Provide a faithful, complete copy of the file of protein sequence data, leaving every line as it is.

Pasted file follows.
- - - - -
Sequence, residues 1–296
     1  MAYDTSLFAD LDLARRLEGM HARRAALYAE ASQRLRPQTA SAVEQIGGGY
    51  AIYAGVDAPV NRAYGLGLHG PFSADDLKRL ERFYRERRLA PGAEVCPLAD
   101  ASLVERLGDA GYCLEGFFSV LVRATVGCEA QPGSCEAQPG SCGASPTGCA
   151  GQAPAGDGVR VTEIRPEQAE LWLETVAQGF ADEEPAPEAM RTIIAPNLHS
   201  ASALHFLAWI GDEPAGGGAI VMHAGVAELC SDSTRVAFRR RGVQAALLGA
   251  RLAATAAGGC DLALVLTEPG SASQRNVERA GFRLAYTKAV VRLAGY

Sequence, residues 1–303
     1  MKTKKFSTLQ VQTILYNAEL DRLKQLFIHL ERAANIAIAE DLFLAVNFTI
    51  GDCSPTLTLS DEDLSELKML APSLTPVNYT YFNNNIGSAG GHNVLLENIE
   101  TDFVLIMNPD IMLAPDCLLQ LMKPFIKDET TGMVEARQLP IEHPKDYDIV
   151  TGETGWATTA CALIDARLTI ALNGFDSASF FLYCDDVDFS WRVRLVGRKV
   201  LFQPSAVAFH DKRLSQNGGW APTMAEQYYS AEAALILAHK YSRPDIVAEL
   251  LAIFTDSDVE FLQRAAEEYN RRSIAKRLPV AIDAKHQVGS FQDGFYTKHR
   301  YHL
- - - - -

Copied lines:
Sequence, residues 1–296
     1  MAYDTSLFAD LDLARRLEGM HARRAALYAE ASQRLRPQTA SAVEQIGGGY
    51  AIYAGVDAPV NRAYGLGLHG PFSADDLKRL ERFYRERRLA PGAEVCPLAD
   101  ASLVERLGDA GYCLEGFFSV LVRATVGCEA QPGSCEAQPG SCGASPTGCA
   151  GQAPAGDGVR VTEIRPEQAE LWLETVAQGF ADEEPAPEAM RTIIAPNLHS
   201  ASALHFLAWI GDEPAGGGAI VMHAGVAELC SDSTRVAFRR RGVQAALLGA
   251  RLAATAAGGC DLALVLTEPG SASQRNVERA GFRLAYTKAV VRLAGY

Sequence, residues 1–303
     1  MKTKKFSTLQ VQTILYNAEL DRLKQLFIHL ERAANIAIAE DLFLAVNFTI
    51  GDCSPTLTLS DEDLSELKML APSLTPVNYT YFNNNIGSAG GHNVLLENIE
   101  TDFVLIMNPD IMLAPDCLLQ LMKPFIKDET TGMVEARQLP IEHPKDYDIV
   151  TGETGWATTA CALIDARLTI ALNGFDSASF FLYCDDVDFS WRVRLVGRKV
   201  LFQPSAVAFH DKRLSQNGGW APTMAEQYYS AEAALILAHK YSRPDIVAEL
   251  LAIFTDSDVE FLQRAAEEYN RRSIAKRLPV AIDAKHQVGS FQDGFYTKHR
   301  YHL